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Lands of Lore: The Throne of Chaos (DOS)

85
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100 point score based on reviews from various critics.
4.1
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5 point score based on user ratings.
Written by  :  אולג 小奥 (171372)
Written on  :  Feb 09, 2013
Platform  :  DOS
Rating  :  4.33 Stars4.33 Stars4.33 Stars4.33 Stars4.33 Stars

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Summary

Like Diet Coke, only much better

The Good

Dungeon Master was an innovative game that brought real-time combat to first-person dungeon-crawling RPGs. After Westwood contributed their Eye of the Beholder games to the nascent sub-genre, they crowned it with this game, marking its high point before it was dissolved when true 3D action RPGs, heralded by Ultima Underworld and epitomized by Elder Scrolls, took over.

It's hard to pinpoint that intangible quality that makes Lands of Lore a classic game. Fans would understand it if I simply said it was a typical Westwood product at the peak of their creativity. It's one of those games where detail means everything, making it enjoyable regardless of any flaws it might harbor. Above all, Lands of Lore is a game with a big heart, a game that was obviously loved by its developers and conveys this emotion to the player.

There is a certain fairy tale-like innocence in Lands of Lore. From the beginning it envelops you in a cozy atmosphere, making you want to close the door to your room, sit comfortably, maybe prepare a drink or a snack, and dive into the game with the same self-aware, almost "nerdy" exuberance one usually reserves for favorite sitcoms. The game obviously doesn't take itself too seriously, and its delightfully goofy humor will accompany you on your journey, making dungeon-crawling so much more refreshing and memorable.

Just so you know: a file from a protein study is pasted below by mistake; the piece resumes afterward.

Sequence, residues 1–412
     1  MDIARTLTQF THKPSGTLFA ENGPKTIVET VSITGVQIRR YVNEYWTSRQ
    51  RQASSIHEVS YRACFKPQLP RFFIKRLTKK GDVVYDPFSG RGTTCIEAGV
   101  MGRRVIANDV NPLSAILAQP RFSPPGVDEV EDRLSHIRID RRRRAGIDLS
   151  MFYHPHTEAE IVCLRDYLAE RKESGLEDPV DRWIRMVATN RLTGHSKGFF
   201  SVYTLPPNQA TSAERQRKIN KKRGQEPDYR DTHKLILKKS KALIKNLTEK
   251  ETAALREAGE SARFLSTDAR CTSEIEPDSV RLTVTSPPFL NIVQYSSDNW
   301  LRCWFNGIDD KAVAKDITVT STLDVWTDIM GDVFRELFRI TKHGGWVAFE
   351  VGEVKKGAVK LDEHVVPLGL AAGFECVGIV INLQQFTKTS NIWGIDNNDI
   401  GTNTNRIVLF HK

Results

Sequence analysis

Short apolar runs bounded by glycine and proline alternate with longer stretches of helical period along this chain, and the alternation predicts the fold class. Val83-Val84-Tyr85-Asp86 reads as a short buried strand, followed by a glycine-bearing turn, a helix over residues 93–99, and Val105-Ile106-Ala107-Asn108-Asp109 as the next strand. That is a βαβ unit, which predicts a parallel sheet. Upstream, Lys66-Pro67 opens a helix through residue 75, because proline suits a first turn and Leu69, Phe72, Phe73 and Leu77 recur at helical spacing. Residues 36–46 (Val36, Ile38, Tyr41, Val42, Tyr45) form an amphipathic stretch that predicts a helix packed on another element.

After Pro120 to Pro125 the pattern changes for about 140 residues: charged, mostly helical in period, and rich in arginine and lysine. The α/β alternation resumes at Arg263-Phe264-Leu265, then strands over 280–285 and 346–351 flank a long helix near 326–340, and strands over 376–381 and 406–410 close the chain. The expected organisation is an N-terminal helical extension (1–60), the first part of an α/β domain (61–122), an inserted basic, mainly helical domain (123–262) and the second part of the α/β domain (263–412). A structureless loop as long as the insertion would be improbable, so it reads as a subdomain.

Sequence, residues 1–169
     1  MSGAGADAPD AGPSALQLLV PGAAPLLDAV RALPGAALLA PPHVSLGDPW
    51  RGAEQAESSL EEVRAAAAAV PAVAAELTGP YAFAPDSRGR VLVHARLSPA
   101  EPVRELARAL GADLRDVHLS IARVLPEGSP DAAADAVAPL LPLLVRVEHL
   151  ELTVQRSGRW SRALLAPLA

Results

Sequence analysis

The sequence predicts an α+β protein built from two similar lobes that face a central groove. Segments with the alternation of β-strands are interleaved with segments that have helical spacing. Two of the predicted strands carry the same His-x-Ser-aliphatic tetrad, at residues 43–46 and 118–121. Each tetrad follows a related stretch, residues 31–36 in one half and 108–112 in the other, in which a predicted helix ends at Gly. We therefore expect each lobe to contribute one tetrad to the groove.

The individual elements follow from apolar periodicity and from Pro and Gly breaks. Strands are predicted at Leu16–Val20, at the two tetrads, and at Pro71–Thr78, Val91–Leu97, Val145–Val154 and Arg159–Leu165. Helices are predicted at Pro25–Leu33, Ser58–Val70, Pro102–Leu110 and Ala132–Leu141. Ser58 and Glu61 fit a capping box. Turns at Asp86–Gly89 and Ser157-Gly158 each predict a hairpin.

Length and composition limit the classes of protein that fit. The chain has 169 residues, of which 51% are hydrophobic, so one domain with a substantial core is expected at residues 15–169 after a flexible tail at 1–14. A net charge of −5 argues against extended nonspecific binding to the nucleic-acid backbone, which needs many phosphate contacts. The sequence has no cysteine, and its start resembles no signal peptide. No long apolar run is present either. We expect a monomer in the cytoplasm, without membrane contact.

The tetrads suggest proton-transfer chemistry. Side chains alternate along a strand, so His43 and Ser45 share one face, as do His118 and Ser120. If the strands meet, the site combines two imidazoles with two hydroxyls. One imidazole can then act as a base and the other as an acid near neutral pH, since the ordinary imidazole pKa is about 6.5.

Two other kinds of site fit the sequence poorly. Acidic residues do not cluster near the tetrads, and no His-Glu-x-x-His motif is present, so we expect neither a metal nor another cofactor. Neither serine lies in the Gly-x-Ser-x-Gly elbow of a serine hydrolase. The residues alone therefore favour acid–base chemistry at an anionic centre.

Don't think the game is just a regular Dungeon Master clone with some jokes thrown in, though. Westwood experimented with both RPGs and adventure games in their earlier days, and the influence of adventure game design is noticeable here. You can click on objects and will sometimes be rewarded with short descriptions and other comments from your hero or his companions. There is some interaction with the environment, and some of the puzzles, despite their simplicity, elegantly break the monotony of exploring long stretches of similarly-looking graphics. A few locations offer unique interaction possibilities and puzzle-like exercises that involve creative usage of your weapons, spells, and other tools. These adventure-like touches make Lands of Lore somewhat different from other RPGs and certainly bring a lot of diversity into its otherwise formulaic structure.

The locations themselves are fairly varied, allowing us to take a break from the abuse of forest passages from time to time and immerse ourselves in an atmospheric castle, mines, or a city occupied by ferocious orcs. The mazes are long and complex, as they should be, and the excellent, convenient, easy-to-use auto-map is there to make the process of exploring them to the full rewarding rather than frustrating.

The actual RPG system is simple - perhaps too much so. Coupled with the fast-paced combat, however, the uncomplicated character management allows the player to concentrate more on exploration, which is pretty much the focus of the game. There are all sorts of secrets, hidden areas, and plenty of items to acquire. Equipment management is thankfully heavy, with a good balance between melee, ranged weapons, and spells. Outfitting your characters becomes the more involving part of customization, and in the end you'll definitely want to hunt down all those nifty items and claim them your own. The ability to choose between four protagonists is definitely a plus, although the game seems to favor speedier characters and choosing a strong, yet slow warrior hardly has any benefits.